Vineeth: KV Anand created poetry on the silver screen
The actor reminisces his experience with KV Anand through the shoot of Kadhal Desam
Actor Vineeth, who worked with KV Anand in Kadhal Desam (1996), expressed his shock and grief over the untimely demise of the cinematographer-director. Incidentally, Kadhal Desam marked KV Anand’s first Tamil film as a cinematographer.
“The news of his demise is too much to take in. I’m shell-shocked. He was young. And, of course, a fantastic craftsman,” says Vineeth
“I remember simultaneously shooting for the Telugu film Priyuralu and Kadhal Desam. The Telugu film was shot by Thiru sir while KV Anand sir shot Kadhal Desam. Interestingly, both of them were products of the PC Sreeram’s school of cinematography, shares Vineeth. “Kadhal Desam was a trendsetter for cinematography and music.”
Reminiscing his experience with KV Anand through the shoot of Kadhal Desam, Vineeth adds, “He was one of the rare cinematographers who had the ability to mould actors as well. He’d offer suggestions to me and Abbas. More importantly, he had a terrific sense of humour. Although he looked reserved, he was the kind of guy who often pulls your leg.”
Talking of the cinematographer’s knack for creating perfect frames, Vineeth shares, “Back in the day, we were shooting on celluloid, which came with its set of limitations related to lighting. Despite those technical restraints, he created poetry on the silver screen. He shot an entire sequence in the magic hour - early in the morning just before sunrise - to capture the purplish natural light on celluloid.”
Sharing the story behind the film's beach sequence, Vineeth says, “We shot Karthik’s illusion sequence for nearly 10 days. We’d assemble at the beach at around four in the morning and shoot till sunrise at six. If you see the visual, it’s magical. Director Kathir and Anand sir were very particular about it. There was a lot of effort put in by these masters to perfect each frame”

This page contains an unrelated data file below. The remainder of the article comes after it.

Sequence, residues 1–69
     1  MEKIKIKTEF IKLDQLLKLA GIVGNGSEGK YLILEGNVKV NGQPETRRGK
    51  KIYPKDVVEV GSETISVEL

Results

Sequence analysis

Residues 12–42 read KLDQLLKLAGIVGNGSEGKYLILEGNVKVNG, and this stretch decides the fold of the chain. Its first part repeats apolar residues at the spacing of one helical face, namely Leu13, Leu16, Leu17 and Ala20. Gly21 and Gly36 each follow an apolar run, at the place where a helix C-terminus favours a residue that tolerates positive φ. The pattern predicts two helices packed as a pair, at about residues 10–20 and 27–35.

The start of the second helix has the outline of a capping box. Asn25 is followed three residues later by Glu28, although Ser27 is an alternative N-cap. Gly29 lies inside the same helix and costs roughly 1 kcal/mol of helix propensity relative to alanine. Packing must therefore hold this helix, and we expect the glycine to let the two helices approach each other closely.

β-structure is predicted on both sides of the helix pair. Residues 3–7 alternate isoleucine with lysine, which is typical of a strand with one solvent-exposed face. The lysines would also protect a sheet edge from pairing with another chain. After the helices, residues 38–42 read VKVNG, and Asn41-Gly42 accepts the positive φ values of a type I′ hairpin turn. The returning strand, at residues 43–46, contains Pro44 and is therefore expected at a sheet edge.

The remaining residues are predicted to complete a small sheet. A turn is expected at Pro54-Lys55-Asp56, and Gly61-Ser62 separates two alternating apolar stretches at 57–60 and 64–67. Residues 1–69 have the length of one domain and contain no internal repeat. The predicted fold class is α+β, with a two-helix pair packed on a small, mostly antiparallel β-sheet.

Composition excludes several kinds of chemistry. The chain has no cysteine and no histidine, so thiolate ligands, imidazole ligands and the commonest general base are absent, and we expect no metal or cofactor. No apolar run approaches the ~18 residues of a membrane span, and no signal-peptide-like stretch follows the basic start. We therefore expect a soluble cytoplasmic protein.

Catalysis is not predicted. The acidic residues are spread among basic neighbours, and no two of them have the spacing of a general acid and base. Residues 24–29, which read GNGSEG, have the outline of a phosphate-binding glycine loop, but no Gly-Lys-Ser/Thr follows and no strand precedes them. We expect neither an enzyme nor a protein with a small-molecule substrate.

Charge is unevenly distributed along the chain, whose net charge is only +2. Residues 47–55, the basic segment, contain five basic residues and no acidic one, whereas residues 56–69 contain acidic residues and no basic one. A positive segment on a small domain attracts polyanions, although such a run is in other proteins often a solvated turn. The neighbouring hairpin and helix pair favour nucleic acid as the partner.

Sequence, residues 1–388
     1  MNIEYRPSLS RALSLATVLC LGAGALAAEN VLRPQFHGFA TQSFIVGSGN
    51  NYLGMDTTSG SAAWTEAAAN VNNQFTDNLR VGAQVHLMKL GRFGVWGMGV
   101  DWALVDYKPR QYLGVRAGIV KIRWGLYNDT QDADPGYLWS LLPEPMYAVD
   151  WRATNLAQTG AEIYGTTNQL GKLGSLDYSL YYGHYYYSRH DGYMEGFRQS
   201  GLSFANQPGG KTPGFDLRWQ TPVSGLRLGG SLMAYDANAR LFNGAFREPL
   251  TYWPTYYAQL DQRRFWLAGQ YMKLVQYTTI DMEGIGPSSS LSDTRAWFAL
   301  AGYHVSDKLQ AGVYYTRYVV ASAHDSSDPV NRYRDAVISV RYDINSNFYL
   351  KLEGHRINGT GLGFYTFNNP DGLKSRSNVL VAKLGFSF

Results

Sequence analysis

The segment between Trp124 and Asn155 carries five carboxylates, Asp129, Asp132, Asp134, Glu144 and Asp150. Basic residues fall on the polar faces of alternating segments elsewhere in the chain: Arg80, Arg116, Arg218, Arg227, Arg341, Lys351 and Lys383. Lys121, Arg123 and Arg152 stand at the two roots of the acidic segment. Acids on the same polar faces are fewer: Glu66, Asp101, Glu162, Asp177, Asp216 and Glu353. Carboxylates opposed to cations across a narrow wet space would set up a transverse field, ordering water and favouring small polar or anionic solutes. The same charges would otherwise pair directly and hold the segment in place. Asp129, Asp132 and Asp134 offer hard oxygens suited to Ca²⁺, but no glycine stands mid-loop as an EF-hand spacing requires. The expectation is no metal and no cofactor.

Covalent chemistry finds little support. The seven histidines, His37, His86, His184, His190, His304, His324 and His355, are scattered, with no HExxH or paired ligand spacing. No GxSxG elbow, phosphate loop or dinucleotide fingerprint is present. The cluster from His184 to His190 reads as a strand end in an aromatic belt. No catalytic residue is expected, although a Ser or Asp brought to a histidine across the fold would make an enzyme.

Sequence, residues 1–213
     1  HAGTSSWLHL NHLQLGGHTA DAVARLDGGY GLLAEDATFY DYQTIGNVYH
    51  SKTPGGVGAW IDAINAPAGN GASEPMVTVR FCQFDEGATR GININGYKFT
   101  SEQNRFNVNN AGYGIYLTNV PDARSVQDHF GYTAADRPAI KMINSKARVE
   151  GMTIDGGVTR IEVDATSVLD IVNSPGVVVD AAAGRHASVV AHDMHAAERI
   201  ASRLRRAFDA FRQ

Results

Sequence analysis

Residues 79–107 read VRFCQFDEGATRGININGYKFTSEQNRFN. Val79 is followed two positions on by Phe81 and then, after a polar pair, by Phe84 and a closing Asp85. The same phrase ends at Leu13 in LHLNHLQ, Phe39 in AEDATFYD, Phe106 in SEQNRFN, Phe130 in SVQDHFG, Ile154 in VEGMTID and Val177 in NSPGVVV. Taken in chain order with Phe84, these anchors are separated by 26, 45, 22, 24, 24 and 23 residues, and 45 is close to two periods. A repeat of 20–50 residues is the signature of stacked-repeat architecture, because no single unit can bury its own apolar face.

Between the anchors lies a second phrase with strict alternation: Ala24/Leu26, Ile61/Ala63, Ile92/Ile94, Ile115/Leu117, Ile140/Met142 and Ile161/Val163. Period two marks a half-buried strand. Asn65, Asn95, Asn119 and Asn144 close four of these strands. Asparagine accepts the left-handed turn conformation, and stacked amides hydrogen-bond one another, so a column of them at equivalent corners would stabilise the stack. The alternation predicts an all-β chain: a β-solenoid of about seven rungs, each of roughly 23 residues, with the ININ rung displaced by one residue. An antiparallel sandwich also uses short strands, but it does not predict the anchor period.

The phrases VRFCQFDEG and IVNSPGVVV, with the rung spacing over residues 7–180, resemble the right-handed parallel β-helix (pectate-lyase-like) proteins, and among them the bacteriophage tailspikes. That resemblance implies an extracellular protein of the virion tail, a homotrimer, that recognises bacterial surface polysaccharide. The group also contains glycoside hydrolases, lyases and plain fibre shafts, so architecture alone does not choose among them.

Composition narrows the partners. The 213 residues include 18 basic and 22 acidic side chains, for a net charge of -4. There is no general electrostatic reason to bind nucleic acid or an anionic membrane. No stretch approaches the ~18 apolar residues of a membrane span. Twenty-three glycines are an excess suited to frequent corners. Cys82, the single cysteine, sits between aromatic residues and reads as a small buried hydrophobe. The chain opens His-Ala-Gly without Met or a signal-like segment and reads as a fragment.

Vineeth adds that a major portion of the song O Vennila was shot during the magic hours for over 10 days. “That's the level of dedication and commitment these people had. Anand sir’s work reflects that magic. I feel fortunate to have worked with him.”
Speaking of how his relationship with the filmmaker evolved after the film, Vineeth says “He grew to a different level altogether as a technician, and thanks to our field of work, whenever we’d run into each other, it felt like we shot for Kadhal Desam yesterday.”
Like many of his colleagues and fans, Vineeth, too, finds it painful to digest the fact that KV Anand is no more. “At a time when entire humanity is going through a dark phase, the news of near and dear ones leaving us feels terrible. It’s hard to comprehend in words. It’s an irreplaceable loss for Indian cinema,” signs off Vineeth.